It is difficult to be me and to not speak about race. If you asked me to describe who I was, it is most likely that ‘mixed-race’ would be the first category by which I would describe myself. I’d then probably say I’m male, 26, from Neasden (inhales) but my parents come from a lot of different places actually, like my mum’s from Jamaica and my dad’s from Kenya but my mum’s also mixed and my dad’s grandparents are actually from Pakistan but back then it was just India and my mum’s dad looks Oriental so like…. (and breathe). Complex.
See, to be me is to have lived through this lens but also to have been perceived through several others AS several others. Race is simply a fundamental feature of my life and has defined my experiences of, and participation in the world. There’s an idea that non-white people living in the West tend to speak about race ‘too much’ or that we are ‘fixated’ on race. There even exist people who look like me who claim that we need to stop talking about race with each-other so much and just move forwards, that the world is ‘post-racial’ (imagine).
For me to speak about race in relation to me though, it’s probably easier to speak about culture in the sense that I experienced different cultural upbringings as a result of mixed-race identity. I had a broad understanding of my cultures growing up, my parents were keen not to like shelter me from either aspect of my heritage, & whilst there’s probably no question that I received an upbringing of Jamaican bias (Curry Goat for President) there is no way I could ever argue I wasn’t exposed to the parts of me from a Muslim, Asian culture. For a longggg time I didn’t eat pork, I remember it being this secret thing that me and mum went to Wimpy on weekend mornings and I got them Frankfurters and I wasn’t allowed to tell my dad. My mate from primary school tells me she fondly remembers me claiming I was allergic to sausages back in Year 1, imagine, a whole me, allergic to sausages. I remember when I learnt that it was unclean to eat with your left hand after being told not to by my dad’s sister-in-law and I had to ask why. I enjoyed Eid at my grandparents because Dadoami (grandma) hands-down cooked the buffest Pilau Rice this world has and will ever see. I learnt to emulate the actions of Islamic prayer both times in the mosques when they died. I was never a stranger to this side of myself, but it was just the friend I didn’t see that often, the ‘we should should catch up soon’ but we never really did…
See, I also experienced numerous visits to Jamaica and Miami, fried plantain and family functions with men slamming down Dominoes and sipping Red Stripe. I was your typical ‘lives with Nana’ Caribbean boy and she would rub white rum on my tummy when I was sick because somehow that’s the cure (who knows man, who knows). I’d get air-mail letters in blue envelopes from my grandma back in St. Thomas and it was John Holt’s Christmas Album for the entire festive season (take a listen, it’s a good one, I’m not even getting commission for this). I was no stranger to this aspect of me either, my mum would take me to talks during Black History Month so that I’d hear Anansi Stories and learn about Marcus Garvey, Nanny of the Maroons & Paul Bogle. I knew and still know who I am in this regard.
But with this came the prejudice. The dual aspect of systemic and structural racism that whilst I’ve arguably ‘overcome barriers’ and achieved ‘beyond my class and race’ the things that just cannot be erased as factors contributing to my life and my personal experience of living as me, Bilal Harry Khan.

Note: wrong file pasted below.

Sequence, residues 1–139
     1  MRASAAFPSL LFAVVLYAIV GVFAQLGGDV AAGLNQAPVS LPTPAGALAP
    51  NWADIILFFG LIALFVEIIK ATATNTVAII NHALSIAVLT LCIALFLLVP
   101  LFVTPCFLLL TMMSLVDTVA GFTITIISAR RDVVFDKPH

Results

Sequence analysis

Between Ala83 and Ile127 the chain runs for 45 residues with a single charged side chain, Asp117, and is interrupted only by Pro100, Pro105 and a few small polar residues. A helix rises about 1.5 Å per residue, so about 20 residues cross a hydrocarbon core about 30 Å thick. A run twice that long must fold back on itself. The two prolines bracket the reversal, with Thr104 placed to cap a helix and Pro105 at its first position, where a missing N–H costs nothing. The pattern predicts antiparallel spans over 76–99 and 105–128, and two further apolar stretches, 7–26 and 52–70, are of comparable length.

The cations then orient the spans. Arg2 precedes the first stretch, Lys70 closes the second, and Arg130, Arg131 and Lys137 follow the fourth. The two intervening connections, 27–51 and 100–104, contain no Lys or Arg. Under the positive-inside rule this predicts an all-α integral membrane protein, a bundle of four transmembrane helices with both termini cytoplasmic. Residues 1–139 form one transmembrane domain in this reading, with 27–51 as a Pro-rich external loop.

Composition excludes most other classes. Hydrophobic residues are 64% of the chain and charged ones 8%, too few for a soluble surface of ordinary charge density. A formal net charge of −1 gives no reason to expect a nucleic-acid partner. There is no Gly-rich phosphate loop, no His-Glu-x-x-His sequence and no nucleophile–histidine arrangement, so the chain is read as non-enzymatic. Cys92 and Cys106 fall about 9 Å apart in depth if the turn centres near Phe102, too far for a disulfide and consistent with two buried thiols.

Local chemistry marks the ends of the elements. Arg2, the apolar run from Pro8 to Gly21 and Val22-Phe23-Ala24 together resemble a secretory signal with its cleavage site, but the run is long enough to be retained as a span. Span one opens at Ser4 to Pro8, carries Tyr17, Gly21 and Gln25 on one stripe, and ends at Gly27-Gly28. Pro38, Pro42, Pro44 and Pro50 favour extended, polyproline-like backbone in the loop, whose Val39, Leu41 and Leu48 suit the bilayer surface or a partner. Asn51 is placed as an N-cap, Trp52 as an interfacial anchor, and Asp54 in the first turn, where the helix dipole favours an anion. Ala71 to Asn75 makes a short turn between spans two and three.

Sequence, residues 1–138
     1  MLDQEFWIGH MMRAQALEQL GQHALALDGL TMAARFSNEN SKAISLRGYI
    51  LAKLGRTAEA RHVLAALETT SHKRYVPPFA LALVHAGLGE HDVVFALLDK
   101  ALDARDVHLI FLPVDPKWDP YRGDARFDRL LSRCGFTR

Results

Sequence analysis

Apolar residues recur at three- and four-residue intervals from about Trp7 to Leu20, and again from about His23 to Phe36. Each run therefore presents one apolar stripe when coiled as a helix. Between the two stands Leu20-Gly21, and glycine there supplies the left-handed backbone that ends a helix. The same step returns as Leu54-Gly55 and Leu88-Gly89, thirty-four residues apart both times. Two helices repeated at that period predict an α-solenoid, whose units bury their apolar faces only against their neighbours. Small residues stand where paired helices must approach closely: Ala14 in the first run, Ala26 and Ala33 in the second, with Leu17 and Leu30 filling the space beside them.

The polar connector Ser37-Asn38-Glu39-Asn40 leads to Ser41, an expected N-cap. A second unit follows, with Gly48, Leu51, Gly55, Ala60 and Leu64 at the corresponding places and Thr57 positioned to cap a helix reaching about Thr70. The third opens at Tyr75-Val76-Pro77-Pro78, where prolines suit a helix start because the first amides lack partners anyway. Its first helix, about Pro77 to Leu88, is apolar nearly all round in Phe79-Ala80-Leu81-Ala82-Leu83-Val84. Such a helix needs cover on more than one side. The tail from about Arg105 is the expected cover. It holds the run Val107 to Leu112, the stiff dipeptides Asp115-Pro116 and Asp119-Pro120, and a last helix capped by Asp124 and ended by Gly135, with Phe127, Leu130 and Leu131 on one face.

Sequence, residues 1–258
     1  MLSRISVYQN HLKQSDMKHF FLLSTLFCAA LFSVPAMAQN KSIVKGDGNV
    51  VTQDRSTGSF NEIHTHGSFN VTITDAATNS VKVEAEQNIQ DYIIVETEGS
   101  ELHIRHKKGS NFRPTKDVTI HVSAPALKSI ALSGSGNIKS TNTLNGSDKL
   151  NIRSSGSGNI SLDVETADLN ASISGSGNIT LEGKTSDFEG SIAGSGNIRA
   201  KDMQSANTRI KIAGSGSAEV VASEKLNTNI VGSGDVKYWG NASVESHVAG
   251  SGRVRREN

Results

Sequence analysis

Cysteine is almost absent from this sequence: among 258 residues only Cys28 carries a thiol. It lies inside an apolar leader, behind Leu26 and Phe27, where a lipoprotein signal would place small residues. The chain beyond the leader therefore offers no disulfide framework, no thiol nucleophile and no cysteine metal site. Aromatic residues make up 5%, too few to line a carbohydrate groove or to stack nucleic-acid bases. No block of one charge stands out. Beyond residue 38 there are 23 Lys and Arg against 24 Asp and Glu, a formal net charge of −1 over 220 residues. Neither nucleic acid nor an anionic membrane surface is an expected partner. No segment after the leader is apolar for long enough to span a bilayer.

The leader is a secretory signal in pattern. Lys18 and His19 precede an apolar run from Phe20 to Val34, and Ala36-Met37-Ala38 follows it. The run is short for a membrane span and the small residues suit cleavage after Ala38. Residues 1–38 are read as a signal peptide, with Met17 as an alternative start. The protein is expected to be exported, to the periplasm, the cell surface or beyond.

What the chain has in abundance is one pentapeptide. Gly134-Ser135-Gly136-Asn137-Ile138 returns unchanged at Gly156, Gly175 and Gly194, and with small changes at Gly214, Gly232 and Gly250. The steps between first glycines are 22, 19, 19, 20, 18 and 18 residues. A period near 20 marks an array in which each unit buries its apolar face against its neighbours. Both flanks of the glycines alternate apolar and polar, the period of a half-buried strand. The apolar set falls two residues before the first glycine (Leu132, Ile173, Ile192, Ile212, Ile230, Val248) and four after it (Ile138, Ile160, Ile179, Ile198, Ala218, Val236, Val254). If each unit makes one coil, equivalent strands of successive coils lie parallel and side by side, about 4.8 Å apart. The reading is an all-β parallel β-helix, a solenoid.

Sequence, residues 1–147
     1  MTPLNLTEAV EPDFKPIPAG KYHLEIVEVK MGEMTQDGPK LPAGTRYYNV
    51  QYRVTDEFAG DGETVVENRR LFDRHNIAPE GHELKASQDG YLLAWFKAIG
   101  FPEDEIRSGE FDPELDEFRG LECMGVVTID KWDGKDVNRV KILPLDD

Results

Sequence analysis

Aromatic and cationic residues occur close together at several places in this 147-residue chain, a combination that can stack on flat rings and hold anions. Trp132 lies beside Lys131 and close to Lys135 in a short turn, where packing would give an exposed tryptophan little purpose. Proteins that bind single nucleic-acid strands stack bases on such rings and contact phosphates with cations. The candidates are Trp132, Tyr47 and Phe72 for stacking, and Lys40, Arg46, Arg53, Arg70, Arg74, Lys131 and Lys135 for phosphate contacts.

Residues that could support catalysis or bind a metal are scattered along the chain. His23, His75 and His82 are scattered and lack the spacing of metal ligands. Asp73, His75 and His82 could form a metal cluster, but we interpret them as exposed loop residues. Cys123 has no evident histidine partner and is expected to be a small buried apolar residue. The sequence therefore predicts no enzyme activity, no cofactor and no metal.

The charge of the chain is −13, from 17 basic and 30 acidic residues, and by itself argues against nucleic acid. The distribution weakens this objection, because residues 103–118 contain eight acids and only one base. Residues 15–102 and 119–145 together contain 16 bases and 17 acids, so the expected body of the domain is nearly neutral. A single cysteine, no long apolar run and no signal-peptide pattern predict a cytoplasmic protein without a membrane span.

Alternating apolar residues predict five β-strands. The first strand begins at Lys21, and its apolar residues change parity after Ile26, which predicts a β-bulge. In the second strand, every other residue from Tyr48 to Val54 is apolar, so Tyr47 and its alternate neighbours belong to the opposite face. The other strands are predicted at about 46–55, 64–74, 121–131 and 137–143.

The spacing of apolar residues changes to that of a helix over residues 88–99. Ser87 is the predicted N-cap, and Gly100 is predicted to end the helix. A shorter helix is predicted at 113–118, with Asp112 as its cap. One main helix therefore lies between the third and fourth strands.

I feel like there’s a question constantly hanging over my existence on the tip of other people’s tongues but exactly what this question is I can’t say. Maybe it”s a number of questions, questions that force you to choose, to account for, to answer for and realise how your experience of being you makes you different from the majority of the country – even the majority of people who would tick that exact same box ‘mixed-race’. For this anticipation of a question not to affect a person would be a wildly naive assumption, I feel as if the years of living in a family who taught me to celebrate and appreciate my cultures for what they are have fought a battle with a world full of subtle microaggresions and box-ticking.
To celebrate and enjoy being who you are in a world that forces you to answer for it constantly, or compares you to another ‘so much like you’ (you might even know them, I’ve been told) makes you feel increasingly isolated and in that sense, increasingly defensive, protective even of your cultures and your identity. A friend said to me the other day, you’re only ever mixed-race on a form, the rest of the time you’re whatever they project on you. Make of that what you will, but for me, the importance of talking about race with my people, with the people that understand and will not problematically question is fundamental to my ability to celebrate being me.
When your very introduction brings questions and your answers bring labels and the labels bring boxes, to be able to speak openly about race, is for me a process of finding solidarity and sharing similarities. As a feature of my life that seems to have altered so much of my experiences, it will always be a topic which I enjoy talking about in space and with people where it’s beneficial. My cultural upbringings have of course been a result of my mixed-race heritage, I’ve written about that before, but for me there’s something powerful, and something beautiful in speaking about race with my people. For that, I’m always grateful.
* Full Disclosure, this is mostly an extract from the book I’m writing and I wrote this in a few mins on the bus one day.